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Death in the Museum of Modern Art: Six Stories

Death in the Museum of Modern Art: Six Stories (Paperback)

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Synopsis

Very different from the rougher, blunter prose of her male contemporaries, Alma Lazarevska's stories can perhaps be described as the tender heart of Bosnian war. Writing from the domestic perspective, her prose is nevertheless deceptively simple; allowing the horror of the war to impinge with devastating effect on the most banal, everyday scene. Apart from the protagonist of the first story, the characters remain nameless. In five of the six stories we can assume that we are following the same unnamed female narrator, who refers to her husband simply as "He" and her son as simply "The Boy." In a conflict where ethnic identity is at the heart, it seems a sobering decision to dispense with names. The family in these stories are at the same time everyone and no-one. They might become bigger than themselves, standing for every group that has ever been the victim of violence due to their ethnicity; or they might represent the de-humanization that has to occur in order for such persecutions to be carried out, reduced to pronouns rather than individuals with names. "Him" and "her" seem perilously close to "it."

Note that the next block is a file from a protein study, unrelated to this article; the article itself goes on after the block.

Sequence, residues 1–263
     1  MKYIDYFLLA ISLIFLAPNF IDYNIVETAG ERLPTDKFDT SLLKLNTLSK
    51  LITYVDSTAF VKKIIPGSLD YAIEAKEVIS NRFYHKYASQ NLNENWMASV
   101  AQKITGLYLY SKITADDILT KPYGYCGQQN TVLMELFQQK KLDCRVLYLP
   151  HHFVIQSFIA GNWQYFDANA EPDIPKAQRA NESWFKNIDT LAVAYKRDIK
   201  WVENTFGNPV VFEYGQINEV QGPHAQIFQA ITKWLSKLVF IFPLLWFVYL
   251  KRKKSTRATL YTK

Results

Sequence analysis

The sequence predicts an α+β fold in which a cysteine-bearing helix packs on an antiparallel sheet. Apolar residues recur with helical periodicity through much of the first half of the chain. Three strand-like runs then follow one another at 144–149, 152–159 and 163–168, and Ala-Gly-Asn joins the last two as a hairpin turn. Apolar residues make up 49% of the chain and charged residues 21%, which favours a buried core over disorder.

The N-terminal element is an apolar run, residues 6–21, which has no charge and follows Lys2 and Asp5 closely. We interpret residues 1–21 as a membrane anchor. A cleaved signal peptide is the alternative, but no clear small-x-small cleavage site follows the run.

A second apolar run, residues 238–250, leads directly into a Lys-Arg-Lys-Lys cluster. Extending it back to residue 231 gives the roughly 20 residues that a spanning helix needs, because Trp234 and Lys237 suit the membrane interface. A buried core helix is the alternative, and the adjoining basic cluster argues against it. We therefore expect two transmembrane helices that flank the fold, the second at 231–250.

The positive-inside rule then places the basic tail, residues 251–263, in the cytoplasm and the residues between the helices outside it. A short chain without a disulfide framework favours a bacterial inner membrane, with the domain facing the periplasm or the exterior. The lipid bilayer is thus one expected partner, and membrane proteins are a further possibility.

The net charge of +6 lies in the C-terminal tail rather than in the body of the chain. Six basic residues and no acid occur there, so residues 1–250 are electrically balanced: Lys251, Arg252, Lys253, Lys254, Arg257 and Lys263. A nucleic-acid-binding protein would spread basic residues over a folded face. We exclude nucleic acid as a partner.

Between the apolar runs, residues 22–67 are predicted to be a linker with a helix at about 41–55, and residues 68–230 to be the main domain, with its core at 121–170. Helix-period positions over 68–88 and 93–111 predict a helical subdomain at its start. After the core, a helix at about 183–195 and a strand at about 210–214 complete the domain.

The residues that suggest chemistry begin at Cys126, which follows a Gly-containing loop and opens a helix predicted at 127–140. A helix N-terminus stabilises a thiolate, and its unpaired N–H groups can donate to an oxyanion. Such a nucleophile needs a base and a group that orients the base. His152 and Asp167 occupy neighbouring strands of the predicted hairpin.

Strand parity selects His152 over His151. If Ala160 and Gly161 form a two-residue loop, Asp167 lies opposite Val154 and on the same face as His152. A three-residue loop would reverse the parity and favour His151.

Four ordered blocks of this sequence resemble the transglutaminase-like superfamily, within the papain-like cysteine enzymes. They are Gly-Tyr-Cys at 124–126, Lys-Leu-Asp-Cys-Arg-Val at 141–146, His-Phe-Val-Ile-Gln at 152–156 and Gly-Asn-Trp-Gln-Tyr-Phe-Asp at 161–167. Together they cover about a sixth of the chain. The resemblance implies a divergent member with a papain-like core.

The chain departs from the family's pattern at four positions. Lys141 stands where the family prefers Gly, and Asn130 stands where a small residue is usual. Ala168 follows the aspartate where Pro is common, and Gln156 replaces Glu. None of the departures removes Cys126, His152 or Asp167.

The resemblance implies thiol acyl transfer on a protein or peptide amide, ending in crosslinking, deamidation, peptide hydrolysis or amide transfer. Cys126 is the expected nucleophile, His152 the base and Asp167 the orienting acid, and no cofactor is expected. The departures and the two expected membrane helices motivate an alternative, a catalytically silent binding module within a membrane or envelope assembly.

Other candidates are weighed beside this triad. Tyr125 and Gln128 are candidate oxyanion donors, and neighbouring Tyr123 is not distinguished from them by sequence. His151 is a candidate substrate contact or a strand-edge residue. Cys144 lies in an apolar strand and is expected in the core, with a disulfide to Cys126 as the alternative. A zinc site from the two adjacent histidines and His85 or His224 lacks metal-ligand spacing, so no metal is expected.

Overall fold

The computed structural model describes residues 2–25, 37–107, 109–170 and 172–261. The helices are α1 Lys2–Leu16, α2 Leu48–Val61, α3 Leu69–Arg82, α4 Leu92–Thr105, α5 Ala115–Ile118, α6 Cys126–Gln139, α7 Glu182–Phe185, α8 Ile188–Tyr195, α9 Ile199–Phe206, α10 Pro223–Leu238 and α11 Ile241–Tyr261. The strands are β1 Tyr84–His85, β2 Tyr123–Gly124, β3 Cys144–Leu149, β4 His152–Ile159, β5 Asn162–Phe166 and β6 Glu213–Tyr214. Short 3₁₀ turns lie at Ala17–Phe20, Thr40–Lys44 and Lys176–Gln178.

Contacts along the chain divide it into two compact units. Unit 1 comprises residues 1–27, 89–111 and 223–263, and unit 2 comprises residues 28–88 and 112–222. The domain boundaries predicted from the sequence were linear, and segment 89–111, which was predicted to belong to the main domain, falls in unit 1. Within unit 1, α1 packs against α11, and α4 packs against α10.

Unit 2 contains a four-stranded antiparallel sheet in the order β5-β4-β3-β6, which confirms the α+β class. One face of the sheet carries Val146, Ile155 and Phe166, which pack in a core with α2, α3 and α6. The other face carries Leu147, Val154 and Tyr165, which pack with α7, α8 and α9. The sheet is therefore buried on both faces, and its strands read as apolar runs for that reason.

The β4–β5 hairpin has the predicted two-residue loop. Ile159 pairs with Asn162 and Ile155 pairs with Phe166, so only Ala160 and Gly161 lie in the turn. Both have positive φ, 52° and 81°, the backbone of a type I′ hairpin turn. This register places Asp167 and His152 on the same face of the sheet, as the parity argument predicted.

This collection brings home the acute unfairness of forcing that contemplation of death upon another person, of depriving them of that human freedom to dream and delude themselves. And it is a beautiful acknowledgement of the small humanities that we cling to when we are at the mercy of so much inhumanity.

Fiction & PoetryFiction in translationFiction & PoetryModern & contemporary fiction post c 1945Fiction & PoetryShort stories Publisher: Istros Books Publication Date: 30/06/2014 ISBN-13: 9781908236173  Details: Type: Paperback Format: Books
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Alma Lazarevska is a Bosnian prose writer and graduate of the Faculty of Philosophy (University of Sarajevo). Her home town is mentioned in the title of a collection of her essays, Sarajevo Solitaire. It is the setting for her novel The Sign of the Rose, which has been translated into French and German. The stimulus for the novel was the murder of Rosa Luxemburg. Her books Death in the Museum of Modern Art (translated into French and German) and Plants are Something Else (the title story has recently been included in an edition of the magazine Wasafiri) deal with siege, and a 'besieged city' without naming it. Her story 'How we Killed the Sailor', translated by Celia Hawkesworth, was included in an anthology of women writers from East and Central Europe: Voices in the shadows: women and verbal art in Serbia and Bosnia.

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